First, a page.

- Registration entry for subjects
- Reliability and security
- Access to information
0. Registration entry for subjects
0.2 Subject area
0.3 Responsible authority; office, division, person etc.
0.4 Purpose and history
In 1735 bishops were charged with the collection of annual birth records from parsons. In 1838 records began specifying number of births by sex. Further itemisation according to legal status at birth was taken up from 1850. From 1853 it was possible to distinguish the number of live born children by mothers age as well as by whether the child was born in marriage or outside marriage. Parsons annual population counts were discontinued with the founding of the National Register of Persons in 1952, from which extensive information on births has been gathered since. Information on births reaches the National Register of Persons from hospitals.
0.5 Users and application
Local authorities, institutions, companies, organisations and individuals.
Parish records and birth reports, which reach the National Register of Persons of Statistics Iceland.
0.7 Legal basis for official statistics
Act on Statistics Iceland no. 24/1913.
0.8 Response burden
0.9 EEA and EU obligations
1.1 Description of content
Tables on fertility were published in the reports of Statistics Iceland from its founding until 1980, after which they were published in the Statistical Yearbook. Older figures can be found in Icelandic Historical Statistics.
All children whose mother is domiciled in Iceland are counted, regardless of where the birth takes place. A child is considered a live birth if it shows signs of life at birth.
The following factors appear in the published material:
- Births and born children by sex
- Live births, all children and first births by mothers age
- Live births by birth order and marital status of mother.
- Fertility of females.
1.2 Statistical concepts
Births: Number of births, disregarding multiple deliveries.
Live births: Children born with clear life signs.
Still births: In the tables of Statistics Iceland still born children are those born without signs of life after at least 28 weeks of gestation. Shorter gestation periods are considered miscarriages. It must be noted that in the statistics of many countries the boundary between miscarriage and still births has been changed to 22 weeks; birth institutions in Iceland have since 1992 set the limit at 22 weeks gestation and 500 g weight.
General fertility: The number of births per 1,000 women of childbearing age.
Total fertility: This is the total figure of age specific fertility. Age specific fertility is calculated as the proportion of births of each age group of women of childbearing age.
Crude birth rate: Live births per 1,000 population.
2.1 Reference periods
Annual tables on births are calculated at the end of May or the beginning of June.
2.2 Process time
Process time is six months; from the beginning of the year until June.
Statistics on births are published annually in the Statistical Yearbook of Iceland. Further information is available from the database of the Information Department of Statistics Iceland.
2.4 Frequency of releases
Statistics on births are published once per year in the Statistical Yearbook of Iceland.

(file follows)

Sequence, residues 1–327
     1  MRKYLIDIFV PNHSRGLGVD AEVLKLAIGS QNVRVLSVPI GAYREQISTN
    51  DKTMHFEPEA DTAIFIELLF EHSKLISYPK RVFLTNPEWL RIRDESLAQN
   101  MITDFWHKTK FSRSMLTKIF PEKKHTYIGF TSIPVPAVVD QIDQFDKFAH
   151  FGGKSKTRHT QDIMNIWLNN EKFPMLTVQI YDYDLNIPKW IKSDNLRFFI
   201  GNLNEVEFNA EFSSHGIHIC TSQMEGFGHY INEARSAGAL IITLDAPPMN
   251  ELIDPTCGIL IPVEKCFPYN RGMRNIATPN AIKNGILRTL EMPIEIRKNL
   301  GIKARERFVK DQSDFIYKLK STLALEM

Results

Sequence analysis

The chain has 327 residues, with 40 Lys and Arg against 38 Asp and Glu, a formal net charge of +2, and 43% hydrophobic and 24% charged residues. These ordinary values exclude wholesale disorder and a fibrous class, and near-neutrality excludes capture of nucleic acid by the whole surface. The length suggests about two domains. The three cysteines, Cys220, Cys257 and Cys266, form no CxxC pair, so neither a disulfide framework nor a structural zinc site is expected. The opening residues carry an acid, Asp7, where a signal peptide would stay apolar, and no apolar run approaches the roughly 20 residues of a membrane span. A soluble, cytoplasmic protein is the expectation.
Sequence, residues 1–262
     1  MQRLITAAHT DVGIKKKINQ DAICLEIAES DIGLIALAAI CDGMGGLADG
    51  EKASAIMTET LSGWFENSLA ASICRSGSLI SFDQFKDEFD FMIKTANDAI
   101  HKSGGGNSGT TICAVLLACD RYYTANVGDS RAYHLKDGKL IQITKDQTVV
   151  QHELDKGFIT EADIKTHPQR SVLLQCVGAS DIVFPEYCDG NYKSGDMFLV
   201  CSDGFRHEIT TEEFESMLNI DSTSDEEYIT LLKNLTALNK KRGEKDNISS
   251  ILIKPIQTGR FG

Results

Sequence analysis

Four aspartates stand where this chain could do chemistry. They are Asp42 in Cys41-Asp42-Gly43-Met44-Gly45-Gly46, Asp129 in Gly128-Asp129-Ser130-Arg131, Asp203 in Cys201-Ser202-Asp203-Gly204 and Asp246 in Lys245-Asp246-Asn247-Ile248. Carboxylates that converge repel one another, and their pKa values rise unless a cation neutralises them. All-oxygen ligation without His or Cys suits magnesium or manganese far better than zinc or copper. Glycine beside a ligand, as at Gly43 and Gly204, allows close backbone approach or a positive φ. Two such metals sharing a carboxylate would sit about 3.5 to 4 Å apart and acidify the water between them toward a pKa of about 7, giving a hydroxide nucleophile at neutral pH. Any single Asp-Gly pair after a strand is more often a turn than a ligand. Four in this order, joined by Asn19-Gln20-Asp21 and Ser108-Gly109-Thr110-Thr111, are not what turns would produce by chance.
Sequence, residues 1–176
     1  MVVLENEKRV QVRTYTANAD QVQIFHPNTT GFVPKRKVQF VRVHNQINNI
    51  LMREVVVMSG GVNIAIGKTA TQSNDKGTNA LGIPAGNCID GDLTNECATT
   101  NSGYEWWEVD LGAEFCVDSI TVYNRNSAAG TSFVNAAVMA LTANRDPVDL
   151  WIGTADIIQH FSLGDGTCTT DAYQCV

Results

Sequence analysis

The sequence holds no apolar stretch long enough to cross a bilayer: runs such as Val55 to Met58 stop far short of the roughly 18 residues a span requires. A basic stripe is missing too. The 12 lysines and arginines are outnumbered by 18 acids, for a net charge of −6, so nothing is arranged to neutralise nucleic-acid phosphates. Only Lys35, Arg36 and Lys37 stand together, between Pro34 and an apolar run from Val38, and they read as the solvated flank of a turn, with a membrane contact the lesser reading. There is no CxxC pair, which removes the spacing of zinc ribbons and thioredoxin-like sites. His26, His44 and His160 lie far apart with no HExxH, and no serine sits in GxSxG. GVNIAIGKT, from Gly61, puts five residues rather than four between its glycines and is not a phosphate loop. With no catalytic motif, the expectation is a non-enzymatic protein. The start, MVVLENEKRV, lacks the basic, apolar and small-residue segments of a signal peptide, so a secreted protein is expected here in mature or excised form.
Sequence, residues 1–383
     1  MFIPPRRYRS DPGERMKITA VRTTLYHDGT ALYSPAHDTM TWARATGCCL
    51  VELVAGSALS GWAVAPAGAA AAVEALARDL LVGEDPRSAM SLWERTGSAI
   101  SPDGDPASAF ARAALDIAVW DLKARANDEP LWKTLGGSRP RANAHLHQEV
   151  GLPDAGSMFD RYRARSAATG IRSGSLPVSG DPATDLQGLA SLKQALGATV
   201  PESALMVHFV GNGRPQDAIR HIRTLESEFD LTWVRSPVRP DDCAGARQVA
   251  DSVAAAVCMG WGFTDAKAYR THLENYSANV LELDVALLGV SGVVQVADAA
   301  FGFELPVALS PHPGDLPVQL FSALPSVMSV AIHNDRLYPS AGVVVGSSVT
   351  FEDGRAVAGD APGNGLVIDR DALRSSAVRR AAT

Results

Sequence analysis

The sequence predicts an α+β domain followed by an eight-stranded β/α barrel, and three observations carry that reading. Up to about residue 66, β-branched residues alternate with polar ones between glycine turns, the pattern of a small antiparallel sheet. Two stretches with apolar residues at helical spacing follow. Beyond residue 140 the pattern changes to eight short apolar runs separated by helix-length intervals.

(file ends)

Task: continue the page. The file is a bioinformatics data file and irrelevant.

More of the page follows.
3. Reliability and security
3.1 Accuracy and reliability
Delayed birth reports were for a short period the main cause of errors in birth figures. In a review of delays to birth reports over the last five years it emerged that no birth report was missing.
3.2 Sources of errors
Errors in the National Register of Persons are mainly caused by delayed birth reports. A precaution taken in order to keep errors to a minumum is to allow five months for birth reports to arrive at the National Register of Persons.
3.3 Measures on confidence limits/accuracy
Confidence limits are not calculated.
4.1 Comparison between periods
Annual parish censuses were discontinued with the founding of the National Register of Persons in 1952, from which information on births has been gathered since. The definition of consensual union of parents in population reports was changed in 1986. Before this time reports on the subject relied on the National Register of Persons as well as birth reports; it was not considered consensual union unless parents were domiciled at the same address. From 1986 statistics on the consensual union of parents rely entirely on birth reports, where information on the subject is received directly from the mother.
4.2 Comparison with other statistics
4.3 Coherence between preliminary and final statistics
No preliminary statistics are published for births.
5. Access to information
5.1 Forms of dissemination
- News, released on Statistics Iceland's website
- Statistics, categorised statistical web tables
- Statistical Series, Hagtíðindi
- Statistical Yearbook of Iceland, Landshagir
- Population statistics until 1980, in the series Hagskýrslur Íslands
- Hagskinna. Icelandic historical statistics
5.2 Basic data; storage and usability
Data stored in digital format by the Population Statistics Department of Statistics Iceland. No access is provided to data relating to individuals, though it is possible to have it especially processed.
5.4 Other information
Further information is available from the Population Statistics Department of Statistics Iceland.
© Hagstofa �slands, �ann 27-1-2009